GREELEY — Benjamin Snow, who has directed Greeley’s Department of Economic Health and Housing since November 2018, will leave that post April 21 to concentrate on his own business ventures, he told BizWest on Friday.
Snow, 54, said he will do a bit of economic-development consulting but will concentrate on running Black Turtle Studios LLC, along with his sons Zander and Hayden Snow. He and Zander are certified drone pilots, while Hayden has had his own company, Hayden Snow Design. Black Turtle will offer drone videography, branding and marketing.
A Phoenix-area native, Snow came to Greeley from South Dakota, where he was president of the Rapid City Economic Development Partnership. He also had held similar posts in Parker and Englewood.
“I’ve been doing economic development for 20 years, but this was the first time I’d worked for a city government,” he said. “It was a holistic approach, bringing in urban renewal and executing our strategic housing plan. So those were two unique and fun things for me to be involved with that I’d never had direct, hands-on experience with in the past.
“COVID being the two years right in the middle of my four-and-a-half-year tenure certainly was a big marker, helping the city shepherd our businesses through that difficult period,” Snow said. “We had a lot of success partnering with the Chamber of Commerce to launch the Greeley Business Recovery Fund.”
Snow cited the expansion of business he’s seen, especially within the agriculture sector with the expansion of Leprino Foods Co., JBS and Colorado Premium. “In total on the commercial front, those expansions and new arrivals accounted for more than $100 million in total investment and will be providing employment for more than 500 people,” he said.
He also hailed the housing plan that was launched soon after he took the job and developed some signature projects downtown as well as single-family and multi-family projects throughout the city — “both fill and greenfield sites,” he said.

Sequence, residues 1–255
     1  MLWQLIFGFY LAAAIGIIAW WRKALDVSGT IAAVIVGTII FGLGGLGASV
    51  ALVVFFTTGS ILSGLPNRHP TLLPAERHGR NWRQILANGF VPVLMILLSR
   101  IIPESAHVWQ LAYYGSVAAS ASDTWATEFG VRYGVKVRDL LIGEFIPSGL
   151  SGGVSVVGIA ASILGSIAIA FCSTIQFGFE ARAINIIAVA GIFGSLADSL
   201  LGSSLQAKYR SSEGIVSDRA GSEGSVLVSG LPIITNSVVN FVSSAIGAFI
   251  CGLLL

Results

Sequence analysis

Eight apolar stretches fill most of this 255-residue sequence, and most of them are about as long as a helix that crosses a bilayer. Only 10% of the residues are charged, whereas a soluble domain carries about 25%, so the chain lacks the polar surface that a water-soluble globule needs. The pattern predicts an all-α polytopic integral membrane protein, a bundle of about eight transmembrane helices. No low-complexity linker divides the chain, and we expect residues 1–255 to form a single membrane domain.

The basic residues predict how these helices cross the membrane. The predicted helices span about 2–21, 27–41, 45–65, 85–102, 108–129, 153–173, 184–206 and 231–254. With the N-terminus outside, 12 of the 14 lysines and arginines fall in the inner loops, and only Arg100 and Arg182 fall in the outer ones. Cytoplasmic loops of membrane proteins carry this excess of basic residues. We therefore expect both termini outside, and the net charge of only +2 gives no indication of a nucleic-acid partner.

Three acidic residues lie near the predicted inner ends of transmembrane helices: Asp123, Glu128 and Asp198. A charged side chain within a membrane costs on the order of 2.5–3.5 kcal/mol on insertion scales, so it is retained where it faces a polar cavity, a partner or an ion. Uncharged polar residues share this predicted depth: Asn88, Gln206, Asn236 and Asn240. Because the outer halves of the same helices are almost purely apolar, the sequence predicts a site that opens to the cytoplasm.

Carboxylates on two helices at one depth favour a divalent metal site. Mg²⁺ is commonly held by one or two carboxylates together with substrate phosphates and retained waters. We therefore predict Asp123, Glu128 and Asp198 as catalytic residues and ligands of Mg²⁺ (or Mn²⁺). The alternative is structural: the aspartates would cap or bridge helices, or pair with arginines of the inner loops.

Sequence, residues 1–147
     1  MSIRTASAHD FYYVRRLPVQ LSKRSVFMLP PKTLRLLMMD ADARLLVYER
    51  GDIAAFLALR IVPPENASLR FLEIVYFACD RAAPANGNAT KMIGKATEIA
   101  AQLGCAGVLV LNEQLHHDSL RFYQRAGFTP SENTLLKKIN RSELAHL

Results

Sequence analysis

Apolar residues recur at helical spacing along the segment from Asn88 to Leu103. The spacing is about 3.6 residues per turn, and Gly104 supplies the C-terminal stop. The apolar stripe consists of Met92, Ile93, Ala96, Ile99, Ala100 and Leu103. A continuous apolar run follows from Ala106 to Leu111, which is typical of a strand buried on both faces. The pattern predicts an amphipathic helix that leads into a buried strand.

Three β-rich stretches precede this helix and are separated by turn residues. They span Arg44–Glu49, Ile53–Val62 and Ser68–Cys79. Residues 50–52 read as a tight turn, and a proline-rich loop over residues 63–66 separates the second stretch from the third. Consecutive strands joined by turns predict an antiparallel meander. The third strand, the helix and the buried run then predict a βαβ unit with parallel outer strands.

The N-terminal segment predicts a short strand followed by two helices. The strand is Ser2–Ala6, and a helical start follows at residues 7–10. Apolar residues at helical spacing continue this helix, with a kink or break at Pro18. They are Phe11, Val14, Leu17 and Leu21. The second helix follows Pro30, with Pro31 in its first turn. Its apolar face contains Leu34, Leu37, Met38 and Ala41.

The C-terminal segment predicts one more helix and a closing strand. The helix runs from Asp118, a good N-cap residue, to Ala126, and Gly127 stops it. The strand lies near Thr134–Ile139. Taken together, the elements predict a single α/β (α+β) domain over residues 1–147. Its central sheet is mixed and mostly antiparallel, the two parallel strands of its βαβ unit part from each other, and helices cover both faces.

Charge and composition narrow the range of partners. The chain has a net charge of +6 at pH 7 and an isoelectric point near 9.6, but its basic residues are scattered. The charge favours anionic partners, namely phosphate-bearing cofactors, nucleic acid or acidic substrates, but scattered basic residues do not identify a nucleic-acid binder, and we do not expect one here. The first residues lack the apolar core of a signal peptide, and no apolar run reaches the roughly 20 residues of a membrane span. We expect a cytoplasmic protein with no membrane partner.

Greeley reached a new high point in 2022 with more than 2,000 housing permits issued and continues to see consistent post-pandemic commercial permit activity.
On the affordable housing front, Snow said, Greeley now has Copper Platte and Immaculata Plaza Phase II under construction, with Hope Springs and Weld Village North working through final planning stages and expected to break ground this year. In total, he said, these projects represent more than 700 new affordable units added to Greeley’s housing mix.
Snow said he and his family will remain in Greeley, and he intends to be more involved with the Greeley Creative District.
After he leaves his post as head of a city department that handled both housing and economic development, Snow said, “My sense is that they’ll probably be breaking that up into two separate departments. There’ll be a separate housing department that we’ve never had before,” likely directed by Assistant City Manager Juliana Kitten, “and then I assume they’ll be recruiting someone to run economic development. In the interim, my staff will be reporting to Public Works Director Paul Trombino.”In a prepared statement emailed to BizWest, Snow said “it has been both an honor and privilege to serve this wonderful community in the capacity of economic health and housing director. I have been fortunate to know and work with so many outstanding business leaders and developers in Northern Colorado during my time with the city and remain confident in Greeley’s potential for even greater things to happen in the years ahead. I will continue to cheer Greeley on as a proud member of this community and fully expect to remain involved in other ways.”